ACFD To Honor Unprecedented Number of Retirees

by ARLnow.com January 18, 2012 at 12:05 pm 2,906 12 Comments

Arlington firefighters will be honoring an unprecedented number of retirees at a ceremony next week.

A retirement ceremony is being held on the morning of Tuesday, Jan. 24 for about 20 Arlington County Fire Department retirees. The firefighters have all retired over the past month or so after 25 to 37 years of service, according to department spokesman Lt. Gregg Karl.

“This is the largest number of retirees the ACFD has seen at one time and we want to honor them for their service,” Karl said.

Over the past 1-2 years the fire department has been in “heavy recruitment mode” as it anticipated the retirements. Fire Chief Jim Schwartz said in 2010 that the timing of at least some of the retirements was driven by changes to Arlington County’s retirement benefits. Older firefighters who might otherwise have stuck around for a bit longer were planning to retire by January 2012 in order to take advantage of better retirement health coverage.

  • yequalsy
    • Huh?

      What does the article at the end of that link have anything to do with the retirement of public safety employees in virginia?

      • Zoning Victim

        This article talks about our firefighters retiring now before changes kick-in that will affect their retirement health benefits. The Vanity Fair article actually talks about all states debt problems and how underfunding their pension plans is one of the ways states are becoming indebted. It also talks a lot about how pensions are a big problem for states and pension reform is needed. The link between the two articles seems pretty clear to me.

        • AllenB

          It’s my understanding that Arlington doesn’t have a problem with underfunding its pension plan. The change the article is referring to is that the medical benefits upon retirement are gradually being reduced so some are retiring now to get the higher benefits.

          • 4Arl

            Arlington doesn’t have nearly as serious a pension problem as most governments. But the funded ratio is now below 100% and annual costs are rising. The retiree healthcare costs are not pre-funded, but the county has begun to set aside money each year to begin addressing those future costs. The sustainability remains to be seen. Since it’s harder to cut benefits to those already retired, it may have been better to retire now. Good luck to retirees and thank you for your service.

  • JimPB

    I understand that the calls for fires have dived (if true, that’s very good news). As a result, the bulk of calls that fire departments respond to have become EMRs. Has this impacted selection and training? The composition of fire department equipment?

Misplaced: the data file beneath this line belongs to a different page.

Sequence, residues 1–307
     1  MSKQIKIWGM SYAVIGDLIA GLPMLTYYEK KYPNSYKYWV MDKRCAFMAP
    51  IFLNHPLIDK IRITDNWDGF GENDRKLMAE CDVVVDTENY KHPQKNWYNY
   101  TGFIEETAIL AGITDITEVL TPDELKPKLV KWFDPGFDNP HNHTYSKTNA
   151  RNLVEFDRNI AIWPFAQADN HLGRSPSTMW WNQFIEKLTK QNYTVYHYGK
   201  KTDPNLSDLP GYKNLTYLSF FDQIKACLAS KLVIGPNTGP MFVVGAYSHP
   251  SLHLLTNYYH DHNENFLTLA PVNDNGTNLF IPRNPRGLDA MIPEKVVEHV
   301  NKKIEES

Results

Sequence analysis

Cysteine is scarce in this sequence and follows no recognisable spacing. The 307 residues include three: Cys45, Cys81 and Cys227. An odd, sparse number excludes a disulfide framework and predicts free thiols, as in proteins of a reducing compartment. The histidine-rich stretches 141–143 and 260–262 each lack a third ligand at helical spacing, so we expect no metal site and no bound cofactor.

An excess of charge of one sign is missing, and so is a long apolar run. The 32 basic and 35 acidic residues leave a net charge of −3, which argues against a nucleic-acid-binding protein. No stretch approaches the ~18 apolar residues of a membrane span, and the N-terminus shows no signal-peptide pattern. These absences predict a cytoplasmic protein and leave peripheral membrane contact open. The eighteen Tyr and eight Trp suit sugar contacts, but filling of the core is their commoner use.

Is “fireman” still a man’s occupation, or are women in the ranks increasing? If so, what’s the replacement for the occupational label, “fireman”?

    • truth be told

      I would guess women being in EMS has increased. Being a “fireman” could be imposing just because of the physical strength and stature required to lug heavy water-filled hoses, with 100 pounds of equipment on your back, up a ladder or into a building. Most women just may not be strong enough regardless of training and physical condition.

      • Anon

        Jim — You are correct that a majority of calls most fire departments respond to these days are EMS-related. However, with any major municipal career-staffed (or volunteer, for that matter) fire department tasked with both fire suppression and EMS response duties, the training extensively covers both fire suppression knowledge/skills/abilities as well as EMS training (Emergency Medical Technician/EMT-Intermediate/Paramedic here in VA). I’m fairly familiar with ACFD, and I know they’re one of the most progressive career FD’s out there, with a large number of women within their ranks. All ACFD career members are cross-trained as fully certified firefighters and EMT-Basic’s, and are capable of performing in both roles.

        EMS response has slightly altered the way most FD’s spec out their fire suppression rigs, in that room for EMS equipment is taken into account (ACFD is no exception). FD’s that provide EMS transport capabilities (i.e., ambulances) also have fleets of ambulances or medic units to keep up.

        As far as labels go, the gender-neutral term “firefighter” is used most often these days, since really, gender has much less to do with one’s ability to do the job than it might have, say, 30 years ago…

        And last but not least, best of luck to all the recent ACFD retirees!!

  • charlie

    disappointed in the lack of interest in this item. it is so much more important that frogurt, health clubs, and flip flops.

    • truth be told

      Apparently it isn’t to most. Sad.

  • truth be told

    A big thank you to all the retirees for their service to our community. THANK YOU!

    • charlie

      absolutely. they’ve been to my place numerous times. thank you.


Subscribe to our mailing list